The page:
Your Expert for Iran: Pari Namazie
Pari Namazie has been involved in private sector human resource consulting since 2002, conducting intercultural and international human resource workshops. For intercultures, her professional focus is intercultural communication, teambuilding and all areas related to human resource consulting for Iran and the Persian Gulf region.
She has published articles, contributed chapters to books and has spoken at national and international conferences. A specific area of her expertise, both in consulting and research has been in understanding the intercultural challenges in the establishment and management of joint ventures in Iran.
Her intercultural consulting work has included clients such as Sasol, BAT, Renault, Statoil, Hydro, SGS and Royal Dutch Shell.
Born in India, Pari Namazie was raised and educated in Iran and the UK, and speaks English and Farsi. She received a BA (Hons) in Business Studies, and holds a PhD in International Human Resource Management, both from Middlesex University in the UK. She is a member of the Chartered Institute of Personnel Development (CIPD) in the UK and the Society for Intercultural, Education, Training and Research (SIETAR Europa).
Intercultural Training Iran
16. März 2020
09:00 bis 17:00 Uhr
In today’s global business environment, understanding other cultures provide a real competitive advantage: Negotiators can accelerate their discussions by minimizing communication hurdles, marketers can more effectively engage with target audiences in specific countries or regions, and product managers can make appropriate localization decisions. In Iran, it’s been “business as usual” for years. Despite the impact of economic sanctions made against the country over recent decades in an effort to influence Iranian policy, “the country has not been completely isolated from the rest of the world“ Any organisation wishing to successfully conduct business with Iran needs to understand and consider the mixture of traditional and modern influences which have an impact on Iranian business and social culture.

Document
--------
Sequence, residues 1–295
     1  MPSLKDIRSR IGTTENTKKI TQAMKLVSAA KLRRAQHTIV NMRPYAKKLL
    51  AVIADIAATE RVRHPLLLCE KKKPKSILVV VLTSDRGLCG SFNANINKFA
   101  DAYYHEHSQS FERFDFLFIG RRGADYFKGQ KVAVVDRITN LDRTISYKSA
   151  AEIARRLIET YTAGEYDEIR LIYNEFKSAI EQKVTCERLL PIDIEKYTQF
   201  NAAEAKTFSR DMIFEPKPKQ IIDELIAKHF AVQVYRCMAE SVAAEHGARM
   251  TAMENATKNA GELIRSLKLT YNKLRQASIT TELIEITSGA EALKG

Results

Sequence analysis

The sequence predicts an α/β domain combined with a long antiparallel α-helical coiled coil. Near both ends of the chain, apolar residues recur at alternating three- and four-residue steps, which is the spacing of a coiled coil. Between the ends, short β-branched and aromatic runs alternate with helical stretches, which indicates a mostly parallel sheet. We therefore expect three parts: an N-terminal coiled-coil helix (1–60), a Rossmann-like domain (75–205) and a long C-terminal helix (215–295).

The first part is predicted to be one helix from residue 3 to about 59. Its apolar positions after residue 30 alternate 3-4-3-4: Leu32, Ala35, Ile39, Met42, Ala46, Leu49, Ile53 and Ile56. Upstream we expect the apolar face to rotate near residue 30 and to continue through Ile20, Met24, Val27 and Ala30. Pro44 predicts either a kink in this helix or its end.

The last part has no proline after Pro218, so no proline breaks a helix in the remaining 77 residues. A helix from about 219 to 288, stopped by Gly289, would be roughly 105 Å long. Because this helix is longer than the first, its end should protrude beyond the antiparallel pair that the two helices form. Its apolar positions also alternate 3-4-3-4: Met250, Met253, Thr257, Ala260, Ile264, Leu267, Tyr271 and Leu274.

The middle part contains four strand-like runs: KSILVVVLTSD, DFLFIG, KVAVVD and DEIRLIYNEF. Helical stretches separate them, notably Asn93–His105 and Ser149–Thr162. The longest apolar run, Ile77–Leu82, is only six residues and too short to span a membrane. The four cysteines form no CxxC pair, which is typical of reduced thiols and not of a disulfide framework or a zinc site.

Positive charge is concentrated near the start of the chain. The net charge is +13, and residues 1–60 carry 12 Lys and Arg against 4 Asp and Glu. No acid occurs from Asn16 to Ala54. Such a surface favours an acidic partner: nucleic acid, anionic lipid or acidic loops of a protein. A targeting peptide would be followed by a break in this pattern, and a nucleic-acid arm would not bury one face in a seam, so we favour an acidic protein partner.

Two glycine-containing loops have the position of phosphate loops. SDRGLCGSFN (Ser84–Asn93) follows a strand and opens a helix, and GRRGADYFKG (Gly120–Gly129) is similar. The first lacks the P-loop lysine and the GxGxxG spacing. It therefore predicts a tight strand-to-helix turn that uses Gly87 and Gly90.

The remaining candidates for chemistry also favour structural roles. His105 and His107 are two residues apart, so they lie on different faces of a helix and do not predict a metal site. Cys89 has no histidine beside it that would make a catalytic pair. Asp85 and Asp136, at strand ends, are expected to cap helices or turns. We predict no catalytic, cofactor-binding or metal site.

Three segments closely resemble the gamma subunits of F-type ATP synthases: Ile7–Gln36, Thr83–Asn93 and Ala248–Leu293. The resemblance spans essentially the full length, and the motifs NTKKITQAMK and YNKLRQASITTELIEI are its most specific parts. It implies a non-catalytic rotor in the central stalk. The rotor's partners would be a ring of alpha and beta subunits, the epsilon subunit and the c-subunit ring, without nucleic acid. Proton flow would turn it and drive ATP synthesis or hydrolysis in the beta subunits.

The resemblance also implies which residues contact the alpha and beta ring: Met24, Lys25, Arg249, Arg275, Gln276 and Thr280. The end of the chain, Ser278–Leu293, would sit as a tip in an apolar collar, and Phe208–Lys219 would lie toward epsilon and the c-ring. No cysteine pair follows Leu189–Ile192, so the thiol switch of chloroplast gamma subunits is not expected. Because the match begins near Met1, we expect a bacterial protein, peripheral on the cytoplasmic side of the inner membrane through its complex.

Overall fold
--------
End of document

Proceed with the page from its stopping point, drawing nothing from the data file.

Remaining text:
In this training the topics will be based on the following topics but can be adapted for the groups needs and wishes:
- Iran geography, politics, economics, geopolitics, social issues…
- Iranian Culture – key concepts and values, traditions and gender roles
- Traditions and behaviors
- Class based society
- Iranians relation with neighbors and other cultures
- Working practices, corporate world
- Managing Culture shock
- Recommended books, films and food
- The heritage of Persian and Zoroastrian culture
- A proud, ancient civilization
- From the empire to the Islamic Republic
- Status and experience
- Gender roles
- Family life
- Hospitality and courtesy
- Religion and tradition
- Time Issues
- Structure and hierarchy in companies
- Business meetings
- Working relationships
- Communication and negotiation
- Developing relationships, building trust
- Protocol and etiquette (do´s and don´ts)
- Networking and presentation
- Lecture and discussion
- Interactive examples in small groups
- Case studies and analysis
- Participants experiences and cases
- Reflection and exchange of experiences and ideas
Daniel Hicks is a new manager in Iran. He comes from a direct culture, where he believes in telling it how it is. He demands results and is known to get things done, at any cost. Succeeding in his work is his greatest achievement. He has been called into this project phase as it has been suffering with problems and delays. He has been asked to put it back on schedule.
He is assigned a project team of 5 Iranian engineers who each have 8 – 10 years experience in their field. One of the engineers is a woman. They all speak relatively good English and have worked with several expatriate managers before. One of the managers, Mohammad Mirzaie has 15 years experience and joins this team as the Iranian project manager, slightly higher position than the other engineers.